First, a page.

[FONT=Arial, Helvetica, sans-serif]MARIJUANA IMAGES DISPLAY BAN EYED
by Rene Genvoe, (Source:Visayan Daily Star)
[/FONT]writeNewsItems();[FONT=Arial, Helvetica, sans-serif]23 Oct 2006
[FONT=Arial, Helvetica, sans-serif]Philippines
[FONT=Arial, Helvetica, sans-serif]Starting this December or January next year, people in Dumaguete City wearing T-shirts, baseball caps or backpacks with printed images of illegal drugs will be apprehended and either fined or imprisoned.
The ban will start once the proposed ordinance authored by Councilor Noel de Jesus is approved.
De Jesus, in his resolution, said the local government unit has the duty to protect the morality of society, particularly the youth, against the eroding influence of drug abuse.
He said many parents and other concerned people are in consternation especially during trade fairs or annual celebrations, when items or things that display pictures and emblems of certain dangerous drugs or illegal substances are sold indiscriminately.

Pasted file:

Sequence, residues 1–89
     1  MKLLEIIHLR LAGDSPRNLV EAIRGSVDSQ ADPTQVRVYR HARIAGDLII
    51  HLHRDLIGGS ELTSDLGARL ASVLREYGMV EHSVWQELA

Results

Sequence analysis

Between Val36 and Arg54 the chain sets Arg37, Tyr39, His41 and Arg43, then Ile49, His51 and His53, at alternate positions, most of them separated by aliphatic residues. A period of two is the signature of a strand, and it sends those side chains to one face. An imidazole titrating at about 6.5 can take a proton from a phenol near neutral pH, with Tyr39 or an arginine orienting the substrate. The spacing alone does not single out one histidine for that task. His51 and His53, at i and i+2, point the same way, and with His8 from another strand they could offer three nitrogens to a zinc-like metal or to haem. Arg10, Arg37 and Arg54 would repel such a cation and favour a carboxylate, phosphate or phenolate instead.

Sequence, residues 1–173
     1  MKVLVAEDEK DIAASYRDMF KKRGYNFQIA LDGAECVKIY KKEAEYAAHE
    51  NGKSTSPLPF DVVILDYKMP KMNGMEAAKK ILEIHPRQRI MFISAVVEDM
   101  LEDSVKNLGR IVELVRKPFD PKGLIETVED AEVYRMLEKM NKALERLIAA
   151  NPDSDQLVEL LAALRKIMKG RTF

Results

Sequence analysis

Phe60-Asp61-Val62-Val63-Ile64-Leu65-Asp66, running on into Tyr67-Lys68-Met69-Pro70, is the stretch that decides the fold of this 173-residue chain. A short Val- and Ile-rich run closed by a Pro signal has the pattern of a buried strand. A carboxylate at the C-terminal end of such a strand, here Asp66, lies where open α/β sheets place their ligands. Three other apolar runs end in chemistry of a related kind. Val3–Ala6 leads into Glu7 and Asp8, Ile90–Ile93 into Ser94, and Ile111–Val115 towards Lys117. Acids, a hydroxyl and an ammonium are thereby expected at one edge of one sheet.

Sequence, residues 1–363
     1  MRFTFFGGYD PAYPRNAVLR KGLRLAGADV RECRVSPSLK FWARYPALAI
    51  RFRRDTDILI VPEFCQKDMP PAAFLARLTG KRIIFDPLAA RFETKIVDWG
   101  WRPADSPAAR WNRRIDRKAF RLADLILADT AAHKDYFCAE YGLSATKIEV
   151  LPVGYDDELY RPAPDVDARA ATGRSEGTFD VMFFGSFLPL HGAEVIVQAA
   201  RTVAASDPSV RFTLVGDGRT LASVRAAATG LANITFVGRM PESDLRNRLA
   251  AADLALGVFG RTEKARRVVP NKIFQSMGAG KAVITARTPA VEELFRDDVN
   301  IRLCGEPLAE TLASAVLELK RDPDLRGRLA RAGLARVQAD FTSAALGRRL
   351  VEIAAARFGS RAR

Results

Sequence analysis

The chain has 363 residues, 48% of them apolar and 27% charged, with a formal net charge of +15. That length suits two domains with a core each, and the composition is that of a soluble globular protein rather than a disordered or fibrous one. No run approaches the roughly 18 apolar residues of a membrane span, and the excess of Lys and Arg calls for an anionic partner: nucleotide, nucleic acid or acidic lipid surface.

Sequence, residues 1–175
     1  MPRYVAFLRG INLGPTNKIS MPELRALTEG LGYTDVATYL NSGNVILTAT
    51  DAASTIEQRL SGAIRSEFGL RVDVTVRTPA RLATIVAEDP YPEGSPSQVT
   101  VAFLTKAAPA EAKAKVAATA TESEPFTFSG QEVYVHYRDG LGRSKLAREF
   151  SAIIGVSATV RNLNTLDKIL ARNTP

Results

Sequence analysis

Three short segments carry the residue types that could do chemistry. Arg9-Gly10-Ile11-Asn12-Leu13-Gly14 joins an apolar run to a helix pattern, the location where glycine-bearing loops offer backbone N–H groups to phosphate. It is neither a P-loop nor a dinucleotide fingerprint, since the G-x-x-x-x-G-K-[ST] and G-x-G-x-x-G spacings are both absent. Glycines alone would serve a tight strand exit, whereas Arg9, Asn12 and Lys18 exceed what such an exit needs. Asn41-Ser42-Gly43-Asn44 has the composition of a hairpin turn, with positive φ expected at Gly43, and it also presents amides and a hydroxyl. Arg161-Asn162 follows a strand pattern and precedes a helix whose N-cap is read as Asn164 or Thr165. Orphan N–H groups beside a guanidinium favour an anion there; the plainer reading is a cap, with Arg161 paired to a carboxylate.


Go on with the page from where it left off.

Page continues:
De Jesus said "Many have seen and grumbled at the brazenness of some expensive motor vehicles plying the city streets whose sides or tinted windows are posted with stickers bearing the picture or design of marijuana leaf."
He added that even motorcabs-for-hire roaming the city also display the graphic images. The symbols are also seen on T-shirts, jewelry, baseball caps, backpacks, scarves and other materials that people wear suggesting a total disregard of prudence and serves mainly to glorify the use of prohibited drugs, De Jesus pointed out.
But there are exceptions when the display of images or symbols of dangerous drugs is allowed.
These are when the image bears a caption that identifies the substance as dangerous drugs; if it is used for scientific pursuit and educational exercises; and during dangerous drugs education campaigns, De Jesus said.
The fine ranges between P500 and P1,000 for the first offense, a 60-day community service for the second offense, and both fine and imprisonment of not less than six months for the third offense.
De Jesus said proprietors or managers of commercial or business establishments found violating the ordinance will also be held liable.